YONGZHENG 1723 – 1735 Chinese Export Porcelain

A Rare Chinese Export Porcelain Miniature Kendi and Cover. Probably Made for the Dutch Market, Yongzheng Period 1723-1735. Decorated in Blue and White with Ladies in a Garden.


Height : 5 cm (2 inches)
Stock number


Miniatures For The Dutch Market :
There is a long tradition in China of making miniatures, ordinary object made in a diminutive size. Clearly there there is a connection, as there is when one looks at miniatures from around the world, with children but they were also used as models for burial and possibly collectors too. Japanese and Chinese porcelain miniature porcelain objects were made for export to Europe and more specifically for Holland in the late 17th and early 18th century. Seen in a European context these miniature Chinese porcelain objects coincide with the production of miniatures in Holland made out of a great variety of material, but especially silver. Indeed there are thought to have been around 40 silversmiths in Amsterdam alone making these Poppengoed, miniature silver objects. Some were for children, but others were made for doll`s houses. In the 17th century these large, lavish models of the interiors of houses were made for wealthy women, often the wives of prosperous Dutch merchants. Chinese porcelain was used in the same way it would have been used in a full sized house, to decorate rooms and as functional objects. An example of which are the `Dolls House` vases of the Vung Tau cargo of c.1690 to 1700. Some Chinese objects were too difficult to make as miniatures, and when one looks at the magnificent doll`s houses in the Rijksmuseum in Amsterdam and else where in Holland you can see specially commissioned white Bohemian glass with trailed blue decoration was used to imitate Chinese porcelain.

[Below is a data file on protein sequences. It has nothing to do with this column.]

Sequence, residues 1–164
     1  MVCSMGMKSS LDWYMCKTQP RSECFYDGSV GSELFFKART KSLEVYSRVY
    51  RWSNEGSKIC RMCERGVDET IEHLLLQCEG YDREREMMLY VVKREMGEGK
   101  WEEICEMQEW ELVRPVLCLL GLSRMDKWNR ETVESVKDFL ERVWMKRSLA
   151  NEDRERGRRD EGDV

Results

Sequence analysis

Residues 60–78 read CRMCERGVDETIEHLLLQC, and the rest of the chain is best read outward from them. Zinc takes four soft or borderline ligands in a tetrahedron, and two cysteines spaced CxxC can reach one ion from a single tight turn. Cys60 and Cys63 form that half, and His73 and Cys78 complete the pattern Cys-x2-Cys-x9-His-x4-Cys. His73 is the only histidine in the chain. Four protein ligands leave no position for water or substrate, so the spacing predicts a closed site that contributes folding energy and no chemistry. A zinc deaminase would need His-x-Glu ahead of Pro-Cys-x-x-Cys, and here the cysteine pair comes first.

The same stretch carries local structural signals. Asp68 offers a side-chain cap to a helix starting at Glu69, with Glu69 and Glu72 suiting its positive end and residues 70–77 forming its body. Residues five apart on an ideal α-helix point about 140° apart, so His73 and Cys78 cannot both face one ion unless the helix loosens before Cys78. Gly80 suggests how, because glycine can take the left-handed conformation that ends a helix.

Kendi :
The kendi is defined as a vessel with a round body, tall neck, mouth, a spout on the shoulder and a flat base. The two openings make the kendi suitable for both pouring and drinking liquids. It is distinguished from other pouring vessels such as a jug or flagon by the absence of a handle. The presence of a spout on the shoulder places it in the broader typology of a spouted vessel. To drink from a kendi, grasp the neck with one hand ; place the other on the base for support if desired, hold the vessel away from the body, point the spout towards the mouth and slowly tilt it to start the water flowing. As the lips never touch the spout, the kendi is a hygienic and convenient communal drinking vessel.